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New-gen Mazda rotary nears

Another one: Mazda has confirmed that a new-generation rotary-powered sports car is in the pipeline to replace the current RX-8.

Mazda will continue to improve the rotary engine in future sportscar applications

Mazda logo12 Apr 2010

MAZDA has reaffirmed its faith in the rotary engine, revealing that it is working on a sportscar replacement for the RX-8.

But the company stopped short of confirming if the next-generation rotary would feature direct-injection Sky G engine advancements.

Further, Mazda would not elaborate on widespread speculation that a rear-wheel-drive coupe smaller and lighter than the existing seven-year-old RX-8 coupe would be introduced as the RX-7 in a nod to the 1978 to 1985 original.

But Mazda said two distinct sportscar lines – a rotary powered coupe and the MX-5 – would continue.

Some reports have suggested that Mazda will market a new RX-7 alongside the RX-8 series.

“The rotary engine is symbolic for Mazda technology, and there are new engineers that join Mazda because of the rotary engine,” said the Japanese firm’s global sales, marketing and customer service boss, Masazumi Wakayama, during a visit to Melbourne earlier this month for a meeting with the Australian operations and press corps.

“We have that essence of ‘Zoom-Zoom’ and the rotary engine really embodies that essence … and therefore we are going to continue development and make improvements to the petrol rotary engine,” he said.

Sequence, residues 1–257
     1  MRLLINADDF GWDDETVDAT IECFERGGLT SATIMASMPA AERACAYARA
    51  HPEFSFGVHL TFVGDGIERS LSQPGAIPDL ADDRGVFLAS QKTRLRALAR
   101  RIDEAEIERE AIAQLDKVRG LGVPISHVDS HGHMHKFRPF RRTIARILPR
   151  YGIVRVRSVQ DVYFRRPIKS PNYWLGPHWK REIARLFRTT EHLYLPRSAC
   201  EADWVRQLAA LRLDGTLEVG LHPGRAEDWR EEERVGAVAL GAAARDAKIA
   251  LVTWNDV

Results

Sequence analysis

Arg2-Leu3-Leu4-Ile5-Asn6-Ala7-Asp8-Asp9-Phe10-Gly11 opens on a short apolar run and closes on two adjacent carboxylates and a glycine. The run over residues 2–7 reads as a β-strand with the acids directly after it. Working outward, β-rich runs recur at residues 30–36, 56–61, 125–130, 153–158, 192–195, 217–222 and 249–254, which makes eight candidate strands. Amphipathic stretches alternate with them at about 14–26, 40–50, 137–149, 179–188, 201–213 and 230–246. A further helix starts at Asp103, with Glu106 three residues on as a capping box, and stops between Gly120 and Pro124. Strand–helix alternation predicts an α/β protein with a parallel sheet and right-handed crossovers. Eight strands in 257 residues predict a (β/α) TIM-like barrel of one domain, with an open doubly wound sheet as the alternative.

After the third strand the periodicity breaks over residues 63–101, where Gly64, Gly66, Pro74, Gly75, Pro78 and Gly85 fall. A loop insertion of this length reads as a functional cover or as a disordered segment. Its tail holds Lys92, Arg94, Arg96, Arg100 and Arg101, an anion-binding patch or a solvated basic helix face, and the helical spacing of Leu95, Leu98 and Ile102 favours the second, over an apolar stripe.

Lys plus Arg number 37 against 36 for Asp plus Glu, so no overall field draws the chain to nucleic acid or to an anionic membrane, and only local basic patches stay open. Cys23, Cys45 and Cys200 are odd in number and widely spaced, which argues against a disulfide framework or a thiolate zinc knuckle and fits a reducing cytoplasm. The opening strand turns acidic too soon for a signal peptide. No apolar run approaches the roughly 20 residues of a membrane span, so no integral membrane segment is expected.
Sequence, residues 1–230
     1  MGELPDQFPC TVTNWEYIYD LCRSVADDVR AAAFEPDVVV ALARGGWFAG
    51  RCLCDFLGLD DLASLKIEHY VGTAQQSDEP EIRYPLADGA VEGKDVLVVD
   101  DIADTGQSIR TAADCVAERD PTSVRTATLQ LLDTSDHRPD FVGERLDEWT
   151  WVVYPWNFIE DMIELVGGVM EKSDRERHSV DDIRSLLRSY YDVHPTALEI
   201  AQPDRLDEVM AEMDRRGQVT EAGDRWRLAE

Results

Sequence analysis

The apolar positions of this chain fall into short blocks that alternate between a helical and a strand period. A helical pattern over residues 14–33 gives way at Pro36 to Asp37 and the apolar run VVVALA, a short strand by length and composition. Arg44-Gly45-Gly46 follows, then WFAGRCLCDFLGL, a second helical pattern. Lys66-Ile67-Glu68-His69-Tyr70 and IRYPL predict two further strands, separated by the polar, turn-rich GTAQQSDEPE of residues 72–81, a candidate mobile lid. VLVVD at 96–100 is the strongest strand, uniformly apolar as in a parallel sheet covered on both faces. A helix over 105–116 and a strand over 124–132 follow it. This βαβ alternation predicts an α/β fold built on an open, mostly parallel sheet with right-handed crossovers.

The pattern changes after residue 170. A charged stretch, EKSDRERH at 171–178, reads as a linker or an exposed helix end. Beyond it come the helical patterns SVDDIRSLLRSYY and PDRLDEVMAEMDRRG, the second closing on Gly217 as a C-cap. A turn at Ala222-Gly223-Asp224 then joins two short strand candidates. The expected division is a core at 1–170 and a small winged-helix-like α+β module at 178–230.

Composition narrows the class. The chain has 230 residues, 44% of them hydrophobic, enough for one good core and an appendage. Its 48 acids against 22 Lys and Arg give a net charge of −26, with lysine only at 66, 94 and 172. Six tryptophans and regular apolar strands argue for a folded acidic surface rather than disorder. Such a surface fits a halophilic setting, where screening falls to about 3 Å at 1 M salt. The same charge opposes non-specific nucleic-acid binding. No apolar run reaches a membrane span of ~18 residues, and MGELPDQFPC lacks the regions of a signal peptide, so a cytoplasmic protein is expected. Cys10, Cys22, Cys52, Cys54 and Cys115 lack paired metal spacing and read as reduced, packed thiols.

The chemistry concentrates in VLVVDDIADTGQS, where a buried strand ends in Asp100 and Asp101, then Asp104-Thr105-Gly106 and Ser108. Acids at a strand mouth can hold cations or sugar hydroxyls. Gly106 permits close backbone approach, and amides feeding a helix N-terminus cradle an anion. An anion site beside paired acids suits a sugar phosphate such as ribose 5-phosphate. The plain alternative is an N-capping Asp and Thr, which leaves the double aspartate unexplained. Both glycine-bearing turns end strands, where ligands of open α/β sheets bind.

Asked if there will be Sky G-like technology adopted for the next rotary engine since previous iterations were known for being thirsty and ‘dirty’ as far as pollution is concerned, Mr Wakayama remained coy, saying instead that expending resources to developing engines that the majority of customers buy is Mazda’s priority since it will put cleaner cars on the road sooner.

 center image Left: Mazda RX-8 rotary engine.

“We want to consider the environment and how we can introduce new vehicles with new technologies in vehicles that we sell the most … but the first thing we have to do is introduce this new technology in the areas that will have the most impact in society,” he said.

But Mr Wakayama would not comment on whether a more affordable, RX-7-like sportscar with larger volume potential than the current RX-8 might become part of that.

“I am not going to answer that specific question about (a possible) RX-7, Mr Wakayama said.

“But it would probably very difficult for a company of our scale and size to have the product line-up of an MX-5 and RX-8 and an RX-7 on top of that.

“We will only have two sportscars.”

Meanwhile, Mr Wakayama indicated that German car-maker Audi might be interested in Mazda’s progress with the rotary engine in the hydrogen/rotary Mazda5/Premacy electric vehicle concept, since it espouses similar technology to the Audi A1 e-tron concept car that was one of the stars of last month’s Geneva motor show.

“Maybe Audi has their own rotary development but they may be interested in our rotary technology,” he said.

“And the rotary engine is very suitable for that kind of electricity generation because it is very stable at high speed and high revolution.

“But I don’t think Audi (is in the habit) of copying somebody else’s technology.”

However, Mr Wakayama would not comment as to whether Mazda might follow the Germans’ lead by considering a future iteration of the rotary engine as a range extender in an electric version of an Audi A1-sized vehicle such as the Mazda2 or its successor.

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